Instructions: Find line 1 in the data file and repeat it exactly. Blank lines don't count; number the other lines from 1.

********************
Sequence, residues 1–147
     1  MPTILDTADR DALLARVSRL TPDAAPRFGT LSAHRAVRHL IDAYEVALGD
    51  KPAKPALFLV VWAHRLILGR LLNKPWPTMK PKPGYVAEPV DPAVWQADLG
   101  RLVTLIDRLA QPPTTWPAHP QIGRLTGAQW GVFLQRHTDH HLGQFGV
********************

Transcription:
Sequence, residues 1–147